$value = param('foo');

If you want to reset it from its initial value after the script has been called once, you can do so like this:

param('foo',"I'm taking over this value!");


print textarea(-name=>'foo',
			  -default=>'starting value',
print textarea('foo','starting value',10,50);

textarea() is just like textfield, but it allows you to specify rows and columns for a multiline text entry box. You can provide a starting value for the field, which can be long and contain multiple lines.


print password_field(-name=>'secret',
				-value=>'starting value',
print password_field('secret','starting value',50,80);

password_field() is identical to textfield(), except that its contents will be starred out on the web page.


print filefield(-name=>'uploaded_file',
			    -default=>'starting value',
print filefield('uploaded_file','starting value',50,80);

filefield() will return a file upload field. In order to take full advantage of this you must use the new multipart encoding scheme for the form. You can do this either by calling start_form() with an encoding type of &CGI::MULTIPART, or by calling the new method start_multipart_form() instead of vanilla start_form().

JAVASCRIPTING: The -onChange, -onFocus, -onBlur, -onMouseOver, -onMouseOut and -onSelect parameters are recognized. See textfield() for details.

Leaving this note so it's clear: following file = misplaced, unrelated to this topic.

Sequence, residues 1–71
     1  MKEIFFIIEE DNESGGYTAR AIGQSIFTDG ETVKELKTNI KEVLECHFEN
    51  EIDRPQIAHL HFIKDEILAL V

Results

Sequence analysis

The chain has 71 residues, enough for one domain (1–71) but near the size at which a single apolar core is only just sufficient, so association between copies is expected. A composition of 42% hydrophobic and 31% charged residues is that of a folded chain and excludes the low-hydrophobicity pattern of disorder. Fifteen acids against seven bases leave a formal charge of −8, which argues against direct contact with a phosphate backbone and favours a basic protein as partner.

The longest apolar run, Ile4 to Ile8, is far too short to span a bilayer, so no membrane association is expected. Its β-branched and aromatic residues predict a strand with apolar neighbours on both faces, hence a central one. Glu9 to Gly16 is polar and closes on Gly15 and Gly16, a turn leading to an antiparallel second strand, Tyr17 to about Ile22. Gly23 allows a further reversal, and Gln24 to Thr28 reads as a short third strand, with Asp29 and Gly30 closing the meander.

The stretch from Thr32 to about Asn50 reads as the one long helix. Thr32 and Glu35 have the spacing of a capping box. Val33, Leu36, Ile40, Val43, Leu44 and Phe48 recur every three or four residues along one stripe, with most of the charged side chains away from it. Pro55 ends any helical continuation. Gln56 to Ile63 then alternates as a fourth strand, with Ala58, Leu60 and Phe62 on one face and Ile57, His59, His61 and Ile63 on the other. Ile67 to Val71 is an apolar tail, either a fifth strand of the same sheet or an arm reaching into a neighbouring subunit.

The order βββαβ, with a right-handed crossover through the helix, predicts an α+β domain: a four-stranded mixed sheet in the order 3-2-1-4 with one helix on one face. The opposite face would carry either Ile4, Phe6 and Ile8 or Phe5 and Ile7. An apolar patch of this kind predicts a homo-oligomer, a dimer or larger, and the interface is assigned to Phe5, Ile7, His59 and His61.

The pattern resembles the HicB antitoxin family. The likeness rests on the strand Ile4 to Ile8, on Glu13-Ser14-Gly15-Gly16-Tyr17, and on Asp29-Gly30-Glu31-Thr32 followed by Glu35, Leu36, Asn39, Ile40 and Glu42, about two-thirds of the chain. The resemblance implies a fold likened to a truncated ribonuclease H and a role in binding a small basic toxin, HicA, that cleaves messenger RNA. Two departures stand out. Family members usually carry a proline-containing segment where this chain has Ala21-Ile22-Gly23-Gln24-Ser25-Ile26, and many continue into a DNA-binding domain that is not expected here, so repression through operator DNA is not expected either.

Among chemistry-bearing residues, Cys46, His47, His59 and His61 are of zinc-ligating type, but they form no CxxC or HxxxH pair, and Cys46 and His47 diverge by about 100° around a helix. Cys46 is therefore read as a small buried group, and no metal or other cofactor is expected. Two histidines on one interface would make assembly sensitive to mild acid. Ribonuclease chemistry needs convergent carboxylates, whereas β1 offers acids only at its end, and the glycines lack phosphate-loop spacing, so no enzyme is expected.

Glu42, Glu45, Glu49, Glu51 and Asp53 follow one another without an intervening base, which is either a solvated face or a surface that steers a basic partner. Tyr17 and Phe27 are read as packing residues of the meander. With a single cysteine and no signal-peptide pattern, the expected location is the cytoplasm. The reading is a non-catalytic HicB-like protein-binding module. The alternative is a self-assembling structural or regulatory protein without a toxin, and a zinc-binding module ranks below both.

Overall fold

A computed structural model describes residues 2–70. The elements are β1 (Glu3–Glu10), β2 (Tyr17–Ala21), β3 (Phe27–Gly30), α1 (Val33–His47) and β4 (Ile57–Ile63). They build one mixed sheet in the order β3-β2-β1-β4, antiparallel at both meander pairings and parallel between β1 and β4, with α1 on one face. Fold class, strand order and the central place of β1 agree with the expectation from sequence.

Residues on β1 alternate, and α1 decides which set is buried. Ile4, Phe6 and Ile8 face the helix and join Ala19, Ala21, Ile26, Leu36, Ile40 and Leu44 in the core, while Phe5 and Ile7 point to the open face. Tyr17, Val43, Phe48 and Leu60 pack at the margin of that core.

When the form is processed, you can retrieve an IO::Handle compatible handle for a file upload field like this:

$lightweight_fh  = $q->upload('field_name');
# undef may be returned if it's not a valid file handle
if (defined $lightweight_fh) {
  # Upgrade the handle to one compatible with IO::Handle:
  my $io_handle = $lightweight_fh->handle;
  open (OUTFILE,'>>','/usr/local/web/users/feedback');
  while ($bytesread = $io_handle->read($buffer,1024)) {
    print OUTFILE $buffer;

In a list context, upload() will return an array of filehandles. This makes it possible to process forms that use the same name for multiple upload fields.

If you want the entered file name for the file, you can just call param():

$filename = $q->param('field_name');

Different browsers will return slightly different things for the name. Some browsers return the filename only. Others return the full path to the file, using the path conventions of the user's machine. Regardless, the name returned is always the name of the file on the user's machine, and is unrelated to the name of the temporary file that creates during upload spooling (see below).

When a file is uploaded the browser usually sends along some information along with it in the format of headers. The information usually includes the MIME content type. To retrieve this information, call uploadInfo(). It returns a reference to a hash containing all the document headers.

$filename = $q->param('uploaded_file');
$type = $q->uploadInfo($filename)->{'Content-Type'};
unless ($type eq 'text/html') {

If you are using a machine that recognizes "text" and "binary" data modes, be sure to understand when and how to use them (see the Camel book). Otherwise you may find that binary files are corrupted during file uploads.

Accessing the temp files directly